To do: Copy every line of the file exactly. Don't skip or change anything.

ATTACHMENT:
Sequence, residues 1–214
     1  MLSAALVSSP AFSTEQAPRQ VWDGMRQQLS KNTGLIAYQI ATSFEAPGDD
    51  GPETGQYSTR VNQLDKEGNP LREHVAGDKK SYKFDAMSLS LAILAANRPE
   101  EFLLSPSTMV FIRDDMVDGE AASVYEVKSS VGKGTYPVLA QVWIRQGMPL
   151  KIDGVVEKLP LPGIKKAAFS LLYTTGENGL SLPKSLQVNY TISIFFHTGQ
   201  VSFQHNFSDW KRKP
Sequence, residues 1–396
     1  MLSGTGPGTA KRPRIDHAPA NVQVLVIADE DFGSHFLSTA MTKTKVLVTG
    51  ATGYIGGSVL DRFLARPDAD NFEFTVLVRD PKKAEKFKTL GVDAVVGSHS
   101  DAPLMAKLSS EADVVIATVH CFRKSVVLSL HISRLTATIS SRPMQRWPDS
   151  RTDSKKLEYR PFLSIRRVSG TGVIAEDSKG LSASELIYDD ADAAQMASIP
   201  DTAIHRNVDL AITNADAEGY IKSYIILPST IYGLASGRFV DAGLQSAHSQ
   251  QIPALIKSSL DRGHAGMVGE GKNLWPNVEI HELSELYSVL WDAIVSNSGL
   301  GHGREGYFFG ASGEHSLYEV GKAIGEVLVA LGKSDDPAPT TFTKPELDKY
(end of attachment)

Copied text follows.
Sequence, residues 1–214
     1  MLSAALVSSP AFSTEQAPRQ VWDGMRQQLS KNTGLIAYQI ATSFEAPGDD
    51  GPETGQYSTR VNQLDKEGNP LREHVAGDKK SYKFDAMSLS LAILAANRPE
   101  EFLLSPSTMV FIRDDMVDGE AASVYEVKSS VGKGTYPVLA QVWIRQGMPL
   151  KIDGVVEKLP LPGIKKAAFS LLYTTGENGL SLPKSLQVNY TISIFFHTGQ
   201  VSFQHNFSDW KRKP
Sequence, residues 1–396
     1  MLSGTGPGTA KRPRIDHAPA NVQVLVIADE DFGSHFLSTA MTKTKVLVTG
    51  ATGYIGGSVL DRFLARPDAD NFEFTVLVRD PKKAEKFKTL GVDAVVGSHS
   101  DAPLMAKLSS EADVVIATVH CFRKSVVLSL HISRLTATIS SRPMQRWPDS
   151  RTDSKKLEYR PFLSIRRVSG TGVIAEDSKG LSASELIYDD ADAAQMASIP
   201  DTAIHRNVDL AITNADAEGY IKSYIILPST IYGLASGRFV DAGLQSAHSQ
   251  QIPALIKSSL DRGHAGMVGE GKNLWPNVEI HELSELYSVL WDAIVSNSGL
   301  GHGREGYFFG ASGEHSLYEV GKAIGEVLVA LGKSDDPAPT TFTKPELDKY